the notion of strong source anonymity is introduced under the assumption of a global passive adversary. The authors show the robustness of the proposed scheme under various

statistical tests. Furthermore, the authors demonstrate that it is difficult to achieve perfect global privacy without sacrificing performance benefit. We further observe that the solutions in [2], [18] introduce a delay in the message reaching the BS. In [19], the authors propose a lightweight solution that can guarantee events k-anonymity. However, they consider a very simple type of events: a fixed number of items continously move (generating events) within the network. Hence, even if events are mobile, the number of events is constant—events never end (e.g. items do not go out of the network) and no new events can be considered. An interesting solution has been recently proposed in [3]. The proposal is based on the observation that while the solution in [19] was able to guarantee only k-anonymity, the solutions in [2], [18] were highly demanding in terms of overhead.

In fact, the solution proposed in [3] is a dynamic source anonymity scheme that seamlessly switches on demand from a statistically-strong source anonymity scheme (i.e. [18]) to a k-anonymity scheme (i.e. [19]). How to solve the handoff problem in a secure and distributed manner is left as future work. The aim of our work is to provide a light-weight privacy solution (similar to the one described in [19]) for a given class of realistic events that are (i) mobile; (ii) start from the outermost part of the network—the perimeter—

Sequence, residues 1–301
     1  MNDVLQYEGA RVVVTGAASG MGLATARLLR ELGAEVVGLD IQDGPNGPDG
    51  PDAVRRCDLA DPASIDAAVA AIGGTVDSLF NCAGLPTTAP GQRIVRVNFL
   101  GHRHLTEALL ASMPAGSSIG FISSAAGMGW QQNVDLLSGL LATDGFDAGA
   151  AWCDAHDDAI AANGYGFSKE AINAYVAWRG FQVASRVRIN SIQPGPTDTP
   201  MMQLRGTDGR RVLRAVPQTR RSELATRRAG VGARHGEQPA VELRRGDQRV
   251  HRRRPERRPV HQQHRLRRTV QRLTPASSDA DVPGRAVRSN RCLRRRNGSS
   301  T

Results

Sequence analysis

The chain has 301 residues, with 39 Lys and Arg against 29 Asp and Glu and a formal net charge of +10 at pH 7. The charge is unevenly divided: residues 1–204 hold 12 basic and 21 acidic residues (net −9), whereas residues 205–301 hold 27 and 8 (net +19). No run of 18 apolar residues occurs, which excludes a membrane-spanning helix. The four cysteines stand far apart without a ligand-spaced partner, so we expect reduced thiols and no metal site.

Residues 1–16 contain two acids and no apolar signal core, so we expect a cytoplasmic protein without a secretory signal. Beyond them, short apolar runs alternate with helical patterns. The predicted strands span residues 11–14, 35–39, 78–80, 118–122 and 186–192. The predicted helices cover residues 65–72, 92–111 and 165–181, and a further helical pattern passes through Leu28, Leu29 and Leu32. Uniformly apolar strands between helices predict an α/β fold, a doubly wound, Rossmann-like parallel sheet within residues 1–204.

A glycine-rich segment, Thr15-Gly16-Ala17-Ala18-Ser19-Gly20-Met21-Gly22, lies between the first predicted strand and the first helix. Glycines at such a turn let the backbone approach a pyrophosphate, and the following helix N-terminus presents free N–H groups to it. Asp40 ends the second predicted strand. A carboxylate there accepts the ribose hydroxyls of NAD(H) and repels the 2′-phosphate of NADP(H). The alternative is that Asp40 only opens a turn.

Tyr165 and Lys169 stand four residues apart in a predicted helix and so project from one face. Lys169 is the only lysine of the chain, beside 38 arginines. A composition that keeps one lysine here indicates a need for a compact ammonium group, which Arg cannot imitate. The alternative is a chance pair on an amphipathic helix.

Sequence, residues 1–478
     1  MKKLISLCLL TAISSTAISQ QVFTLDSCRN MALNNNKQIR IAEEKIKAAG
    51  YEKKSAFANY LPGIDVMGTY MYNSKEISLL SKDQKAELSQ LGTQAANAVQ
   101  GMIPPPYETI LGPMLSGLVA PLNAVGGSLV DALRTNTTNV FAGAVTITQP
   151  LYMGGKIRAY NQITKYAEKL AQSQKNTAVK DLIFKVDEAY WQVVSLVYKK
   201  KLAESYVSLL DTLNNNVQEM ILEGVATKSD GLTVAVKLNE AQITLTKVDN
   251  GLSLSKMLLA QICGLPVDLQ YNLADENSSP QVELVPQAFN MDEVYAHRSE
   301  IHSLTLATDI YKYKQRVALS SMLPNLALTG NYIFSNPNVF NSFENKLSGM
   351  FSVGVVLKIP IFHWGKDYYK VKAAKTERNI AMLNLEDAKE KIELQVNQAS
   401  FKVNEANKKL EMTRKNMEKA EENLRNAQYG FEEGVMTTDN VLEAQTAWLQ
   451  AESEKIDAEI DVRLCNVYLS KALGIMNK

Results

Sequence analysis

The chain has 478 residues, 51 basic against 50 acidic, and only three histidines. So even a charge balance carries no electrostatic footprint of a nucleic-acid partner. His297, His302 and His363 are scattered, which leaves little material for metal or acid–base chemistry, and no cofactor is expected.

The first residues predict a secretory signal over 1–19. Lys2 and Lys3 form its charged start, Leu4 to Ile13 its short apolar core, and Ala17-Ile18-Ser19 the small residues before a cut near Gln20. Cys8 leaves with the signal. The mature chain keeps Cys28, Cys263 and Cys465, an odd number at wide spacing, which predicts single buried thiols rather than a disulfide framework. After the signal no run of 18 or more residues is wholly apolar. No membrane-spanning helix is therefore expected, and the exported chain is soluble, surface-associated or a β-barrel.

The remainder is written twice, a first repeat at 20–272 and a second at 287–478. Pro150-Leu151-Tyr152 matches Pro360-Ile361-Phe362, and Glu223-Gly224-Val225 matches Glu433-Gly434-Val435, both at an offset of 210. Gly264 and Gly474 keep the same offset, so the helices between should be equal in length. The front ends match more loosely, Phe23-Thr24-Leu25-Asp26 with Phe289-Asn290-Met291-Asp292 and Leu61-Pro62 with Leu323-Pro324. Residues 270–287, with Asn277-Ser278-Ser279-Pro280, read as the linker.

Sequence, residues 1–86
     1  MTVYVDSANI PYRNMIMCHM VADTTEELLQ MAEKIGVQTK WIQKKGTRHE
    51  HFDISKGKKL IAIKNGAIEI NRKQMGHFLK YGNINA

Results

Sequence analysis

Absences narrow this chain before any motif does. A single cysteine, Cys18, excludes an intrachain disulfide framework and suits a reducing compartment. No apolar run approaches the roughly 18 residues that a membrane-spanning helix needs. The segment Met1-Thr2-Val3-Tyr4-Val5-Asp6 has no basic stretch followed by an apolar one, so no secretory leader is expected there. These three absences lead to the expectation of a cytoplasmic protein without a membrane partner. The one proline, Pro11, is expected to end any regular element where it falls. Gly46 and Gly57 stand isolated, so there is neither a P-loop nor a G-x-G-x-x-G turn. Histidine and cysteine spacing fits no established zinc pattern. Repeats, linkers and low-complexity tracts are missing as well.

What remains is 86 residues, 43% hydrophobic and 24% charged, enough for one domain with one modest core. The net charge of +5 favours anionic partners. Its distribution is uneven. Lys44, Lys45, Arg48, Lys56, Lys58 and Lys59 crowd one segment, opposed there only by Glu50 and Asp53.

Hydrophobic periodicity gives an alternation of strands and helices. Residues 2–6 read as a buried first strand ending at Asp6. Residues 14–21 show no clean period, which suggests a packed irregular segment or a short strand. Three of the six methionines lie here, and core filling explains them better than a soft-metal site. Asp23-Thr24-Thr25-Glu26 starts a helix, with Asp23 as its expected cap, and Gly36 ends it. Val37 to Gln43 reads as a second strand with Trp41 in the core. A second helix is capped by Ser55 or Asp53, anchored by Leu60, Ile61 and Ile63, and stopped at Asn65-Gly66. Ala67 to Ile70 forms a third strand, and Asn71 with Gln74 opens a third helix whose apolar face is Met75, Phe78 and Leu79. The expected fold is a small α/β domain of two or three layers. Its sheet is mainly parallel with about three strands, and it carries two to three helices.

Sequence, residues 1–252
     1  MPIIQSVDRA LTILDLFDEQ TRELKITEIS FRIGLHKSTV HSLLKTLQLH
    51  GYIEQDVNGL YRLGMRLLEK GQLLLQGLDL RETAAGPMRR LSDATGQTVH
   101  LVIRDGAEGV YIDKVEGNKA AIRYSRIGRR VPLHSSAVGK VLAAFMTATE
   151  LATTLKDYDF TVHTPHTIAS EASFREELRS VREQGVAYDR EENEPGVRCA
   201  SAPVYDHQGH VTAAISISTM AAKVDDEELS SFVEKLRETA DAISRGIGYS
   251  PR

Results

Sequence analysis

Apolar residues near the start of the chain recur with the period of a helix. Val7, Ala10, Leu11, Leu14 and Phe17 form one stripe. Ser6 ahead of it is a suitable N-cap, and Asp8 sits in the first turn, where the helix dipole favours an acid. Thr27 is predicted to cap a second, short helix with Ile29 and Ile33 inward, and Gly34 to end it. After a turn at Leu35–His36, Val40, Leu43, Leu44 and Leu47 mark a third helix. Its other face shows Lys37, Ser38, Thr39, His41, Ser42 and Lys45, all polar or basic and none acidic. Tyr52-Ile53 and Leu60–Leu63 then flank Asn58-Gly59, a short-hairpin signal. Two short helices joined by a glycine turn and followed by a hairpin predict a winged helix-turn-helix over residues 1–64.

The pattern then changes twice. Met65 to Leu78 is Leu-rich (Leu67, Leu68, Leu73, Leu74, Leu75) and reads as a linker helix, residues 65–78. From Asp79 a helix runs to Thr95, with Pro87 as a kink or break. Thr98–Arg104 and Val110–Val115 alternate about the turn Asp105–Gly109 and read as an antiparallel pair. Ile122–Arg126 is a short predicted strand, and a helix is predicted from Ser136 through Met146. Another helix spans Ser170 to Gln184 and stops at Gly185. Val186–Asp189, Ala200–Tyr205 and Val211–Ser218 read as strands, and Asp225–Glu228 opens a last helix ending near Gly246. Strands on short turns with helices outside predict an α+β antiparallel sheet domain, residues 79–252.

; (iii) after a given (non predictable) interval of time end in some place within the network. We observe that, to the best of our knowledge, the solution in [19] is the only k- anonymity solution that considers mobile events. However, [19] cannot be applied to our considered class of events because: (i) events are considered to start not in the perimeter of the network but within the network itself; (ii) events are considered to last forever. Instead, the class of mobile events we consider last for a given, finite, non predictable time; (iii) furthermore, in our setting new events starts continuously from the perimeters—according to a Poisson distribution.